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Fiscal Year 2023: Providing Scientific Expertise for Oil and Chemical Spill Response

OR&R’s Emergency Response Division (ERD) supports the U.S. Coast Guard (USCG) by providing round-the-clock scientific expertise for oil and chemical spills in marine and coastal waters.

ERD’s efforts facilitate spill prevention, preparedness, response, and restoration through its network of regionally distributed scientific support coordinators; a Seattle-based support team of scientists, technical experts, and software developers; and federal, state, and academic partners.

Map: An example of hundreds of potential pollution sources in southwest Florida after Hurricane Ian. Image credit: NOAA. Inset: Field assessment teams document stranded vessels, a few of the many potential pollution sources caused by Hurricane Ian.
Map: An example of hundreds of potential pollution sources in southwest Florida after Hurricane Ian. Image credit: NOAA. Inset: Field assessment teams document stranded vessels, a few of the many potential pollution sources caused by Hurricane Ian. Image credit: U.S. Coast Guard.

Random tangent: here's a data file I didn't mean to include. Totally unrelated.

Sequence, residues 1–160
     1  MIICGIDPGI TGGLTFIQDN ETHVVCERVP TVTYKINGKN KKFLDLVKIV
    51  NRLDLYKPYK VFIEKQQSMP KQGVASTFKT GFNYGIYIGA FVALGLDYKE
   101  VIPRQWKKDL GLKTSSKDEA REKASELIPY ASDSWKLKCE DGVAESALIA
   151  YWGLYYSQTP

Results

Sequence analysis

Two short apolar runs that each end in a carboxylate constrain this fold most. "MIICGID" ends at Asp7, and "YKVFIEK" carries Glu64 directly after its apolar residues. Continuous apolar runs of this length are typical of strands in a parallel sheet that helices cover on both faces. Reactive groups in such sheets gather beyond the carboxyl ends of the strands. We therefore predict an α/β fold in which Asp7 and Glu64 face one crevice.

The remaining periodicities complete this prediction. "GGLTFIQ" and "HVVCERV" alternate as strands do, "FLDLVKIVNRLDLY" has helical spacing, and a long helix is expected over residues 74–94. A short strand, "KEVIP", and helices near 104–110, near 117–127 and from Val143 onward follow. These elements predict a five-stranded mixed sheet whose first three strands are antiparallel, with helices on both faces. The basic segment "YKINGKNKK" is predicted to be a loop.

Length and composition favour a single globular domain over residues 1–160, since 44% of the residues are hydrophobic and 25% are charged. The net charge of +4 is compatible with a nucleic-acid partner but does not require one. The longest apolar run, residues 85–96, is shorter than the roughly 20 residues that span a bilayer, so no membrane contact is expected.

Supporting Communities When Disasters Strike

This year, ERD responded to 130 incidents and provided support to mitigate or recover over 1.15 million gallons of spilled oil and chemicals. However, OR&R is also prepared to provide a broad range of scientific, technical, and policy experts to support the response and maximize recovery when a disaster is imminent or strikes unexpectedly. While the National Ocean Service has received Federal Emergency Management Agency (FEMA) Mission Assignments (MAs) in the past in response to these disasters, fiscal year (FY) 2023 marks the second year that ERD has directly received MAs and FEMA support, which totaled almost $440,000 in reimbursable funding.

FEMA issued MAs directly to ERD for the delivery of oil and chemical spill response expertise and services for incidents such as: Hurricane Ian, a Category 4 hurricane that produced catastrophic storm surge, damaging winds, and historic freshwater flooding across Florida in October 2022; the devastating wildfires that broke out on the Hawaiian island of Maui in early August 2023; and Hurricane Idalia, a powerful Category 4 hurricane that caused significant damage across parts of the southeastern U.S., especially in northern Florida, in late August 2023. ERD provided scientific support for the removal or mitigation of over 4,795 pollution sources and large debris from U.S. coasts and oceans, including 95 vessels in Maui alone, while ensuring the protection of our natural resources and wildlife.